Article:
Whenever possible, infant mental health clinicians should provide direct intervention concerning issues of contact when children are in out-of-home care. This may take place in the form of evaluating the quality of the child–parent relationship and the experience of the visits from the child's perspective and then when necessary, providing therapeutic visitation services. The Tulane Infant Team (Zeanah et al., 2001) offers a model for global evaluation and focused intervention services for young children in care, and Marty Visit Coaching (Beyer, 2008) is an approach for optimizing contacts.


Having discussed children's rights in relation to parents’ rights, in this section, we focus on foster children's reactions to court-ordered visits with their biological parents. We present clinical vignettes (de-identified) to describe such reactions as manifestations of severe stress on these children's attachment systems and discuss recommendations to make such visits more “livable” for foster children and their families. We also describe efforts to contribute to the research base regarding the experiences of young children in foster care. Drawing from three countries, the scenarios described illustrate common practice dilemmas in the clinical, court, and child welfare arenas. The child welfare policies of these nations are orientated toward permanency planning for infants in out-of-home care. This often means concurrent planning for the reunification of the child with his or her biological parent as well as for adoption by a nonbiological parent. Therefore, the infant's experience and the ability of all caregivers and service providers to meet the needs of the infant while in care are considered in the case descriptions.

The Experience of the Child: Case Vignette from Quebec, Canada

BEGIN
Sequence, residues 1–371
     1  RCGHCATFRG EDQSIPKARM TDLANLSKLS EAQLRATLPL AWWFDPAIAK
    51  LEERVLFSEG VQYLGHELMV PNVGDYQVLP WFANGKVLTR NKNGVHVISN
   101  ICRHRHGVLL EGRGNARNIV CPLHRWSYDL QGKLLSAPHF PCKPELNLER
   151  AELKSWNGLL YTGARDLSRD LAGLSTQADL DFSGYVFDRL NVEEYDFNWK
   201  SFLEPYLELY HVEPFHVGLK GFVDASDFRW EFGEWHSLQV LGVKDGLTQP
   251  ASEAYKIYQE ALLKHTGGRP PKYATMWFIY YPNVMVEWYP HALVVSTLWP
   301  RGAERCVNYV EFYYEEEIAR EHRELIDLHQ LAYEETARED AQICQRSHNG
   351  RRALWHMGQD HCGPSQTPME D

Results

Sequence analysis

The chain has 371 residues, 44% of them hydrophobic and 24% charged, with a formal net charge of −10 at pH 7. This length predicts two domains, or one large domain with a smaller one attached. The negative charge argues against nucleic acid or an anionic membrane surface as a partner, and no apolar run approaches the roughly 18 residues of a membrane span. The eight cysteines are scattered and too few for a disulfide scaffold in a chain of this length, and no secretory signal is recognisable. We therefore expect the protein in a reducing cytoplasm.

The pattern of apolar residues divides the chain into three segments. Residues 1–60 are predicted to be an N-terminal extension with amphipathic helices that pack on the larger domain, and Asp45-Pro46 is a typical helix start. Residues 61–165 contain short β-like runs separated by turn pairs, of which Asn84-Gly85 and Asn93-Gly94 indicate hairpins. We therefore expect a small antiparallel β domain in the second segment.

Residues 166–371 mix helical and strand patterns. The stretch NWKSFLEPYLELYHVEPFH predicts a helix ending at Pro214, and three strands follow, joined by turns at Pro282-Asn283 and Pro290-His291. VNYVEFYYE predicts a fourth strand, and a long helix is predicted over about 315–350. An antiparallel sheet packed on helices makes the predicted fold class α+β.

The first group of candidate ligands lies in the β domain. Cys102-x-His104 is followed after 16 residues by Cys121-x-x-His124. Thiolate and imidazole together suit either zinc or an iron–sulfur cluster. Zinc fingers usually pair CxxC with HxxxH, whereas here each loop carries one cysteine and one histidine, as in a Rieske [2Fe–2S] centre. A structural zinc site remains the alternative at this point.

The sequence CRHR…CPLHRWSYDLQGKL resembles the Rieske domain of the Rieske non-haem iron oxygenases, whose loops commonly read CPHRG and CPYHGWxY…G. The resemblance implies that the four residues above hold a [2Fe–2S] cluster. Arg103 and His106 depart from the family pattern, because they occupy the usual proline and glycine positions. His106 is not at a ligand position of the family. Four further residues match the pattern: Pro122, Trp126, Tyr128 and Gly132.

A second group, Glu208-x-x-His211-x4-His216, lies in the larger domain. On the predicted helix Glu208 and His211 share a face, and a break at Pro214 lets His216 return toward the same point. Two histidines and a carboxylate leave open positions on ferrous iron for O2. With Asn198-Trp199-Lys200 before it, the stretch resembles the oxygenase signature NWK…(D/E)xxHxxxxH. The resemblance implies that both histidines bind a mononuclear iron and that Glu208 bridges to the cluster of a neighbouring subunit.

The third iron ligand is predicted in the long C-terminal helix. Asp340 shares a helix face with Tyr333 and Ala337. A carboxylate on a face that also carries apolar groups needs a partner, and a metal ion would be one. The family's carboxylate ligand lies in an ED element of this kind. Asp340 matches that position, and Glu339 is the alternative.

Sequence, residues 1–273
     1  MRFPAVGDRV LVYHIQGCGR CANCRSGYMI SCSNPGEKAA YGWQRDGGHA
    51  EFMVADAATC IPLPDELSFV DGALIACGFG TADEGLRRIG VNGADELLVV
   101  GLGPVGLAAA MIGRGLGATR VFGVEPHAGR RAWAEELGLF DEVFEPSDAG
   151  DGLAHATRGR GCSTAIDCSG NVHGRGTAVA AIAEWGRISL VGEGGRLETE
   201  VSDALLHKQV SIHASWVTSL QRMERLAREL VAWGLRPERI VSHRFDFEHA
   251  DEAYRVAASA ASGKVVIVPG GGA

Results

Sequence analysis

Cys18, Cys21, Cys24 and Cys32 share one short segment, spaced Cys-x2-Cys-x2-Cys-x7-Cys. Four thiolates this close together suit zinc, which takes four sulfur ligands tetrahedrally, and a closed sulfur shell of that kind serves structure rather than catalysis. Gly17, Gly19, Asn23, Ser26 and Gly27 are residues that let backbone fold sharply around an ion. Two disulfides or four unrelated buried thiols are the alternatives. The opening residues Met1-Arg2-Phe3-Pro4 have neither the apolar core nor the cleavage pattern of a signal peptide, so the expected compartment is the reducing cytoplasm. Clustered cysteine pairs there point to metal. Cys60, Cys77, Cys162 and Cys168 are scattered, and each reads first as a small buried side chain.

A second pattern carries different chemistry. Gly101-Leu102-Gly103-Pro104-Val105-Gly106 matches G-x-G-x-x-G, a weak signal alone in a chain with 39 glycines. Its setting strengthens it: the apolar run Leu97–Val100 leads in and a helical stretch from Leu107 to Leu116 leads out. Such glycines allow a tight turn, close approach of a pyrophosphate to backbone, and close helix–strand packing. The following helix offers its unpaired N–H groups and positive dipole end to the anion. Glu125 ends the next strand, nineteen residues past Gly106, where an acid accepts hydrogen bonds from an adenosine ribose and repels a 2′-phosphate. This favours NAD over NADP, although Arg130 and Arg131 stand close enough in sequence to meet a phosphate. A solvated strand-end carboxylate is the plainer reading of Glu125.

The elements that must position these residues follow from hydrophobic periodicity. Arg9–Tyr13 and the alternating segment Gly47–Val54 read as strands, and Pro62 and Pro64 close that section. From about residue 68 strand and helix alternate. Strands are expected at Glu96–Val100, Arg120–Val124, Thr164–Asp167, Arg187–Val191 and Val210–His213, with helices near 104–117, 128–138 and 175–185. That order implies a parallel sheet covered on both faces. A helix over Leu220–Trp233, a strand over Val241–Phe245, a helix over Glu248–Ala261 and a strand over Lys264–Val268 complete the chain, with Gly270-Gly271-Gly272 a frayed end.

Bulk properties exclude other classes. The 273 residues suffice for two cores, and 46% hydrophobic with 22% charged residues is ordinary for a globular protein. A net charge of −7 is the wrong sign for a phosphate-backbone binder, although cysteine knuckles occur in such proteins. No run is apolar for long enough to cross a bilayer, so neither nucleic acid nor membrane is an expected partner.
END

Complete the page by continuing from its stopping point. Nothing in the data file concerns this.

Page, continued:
Quebec judiciary context

The Quebec Youth Protection Law is oriented toward family preservation (Government of Quebec, 2006). Significant modifications introduced in 2006 include an obligation for permanency planning (e.g., placement until majority) and provide mandatory guidelines for temporary placement of children according to their age: Maximum durations vary from 12 months for children aged 0 to 2 years, to 18 months for 2- to 5-years-olds, and to 24 months for children 5 years and older. In line with the family preservation orientation, contacts between the child and his or her biological family are assumed to be beneficial. In the following vignette, we demonstrate how the effects of such contacts can have negative consequences for the child and how clinicians, the child welfare system, and the court must adjust their intervention in the interest of the child.

Background. Brandon was placed with his paternal grandmother at 3 months due to parental neglect. The Court had ordered a placement until his majority when he was 11 months old. When he was 30 months, his biological mother, whom he saw for 4 hr every week at her home, was granted a court request to increase her contacts to 3 days a week. Following this radical change of visitation rights, Brandon began showing symptomatic manifestations after most weekly visits: clinging behavior, aggressive outbursts, sleeping difficulties (up to four nocturnal awakenings where he cried for grandmother). The symptoms lasted from 2 to 3 days, and then remitted until the next visit. Despite those manifestations, visits stopped being supervised after 1 year. Brandon then started hiding from his mother when she arrived for the visit; moreover, Brandon presented selective mutism throughout the visits. Several months later, his mother revealed that she promised her son that he could come live with her. Brandon's mother then started a new job and requested whole day visits, but only once a week.

Practice dilemmas

The issues for all involved with Brandon were threefold: (a) to determine the cause(s) of his symptoms; (b) to find ways to support Brandon before, during, and after the visits if the interactions with his mother were deemed to be contributory to his symptoms; and (c) for integrated intervention to take place, to find strategies to communicate a common understanding of the symptoms to Brandon's caregivers, the child protection workers, and the court.

Intervention. In this case, the social workers were very sensitive to the child's distress and needs; however, a psychological assessment was required for the Court to support their observations and, more important, to provide recommendations for adjusting visiting modalities in accordance with the child's needs.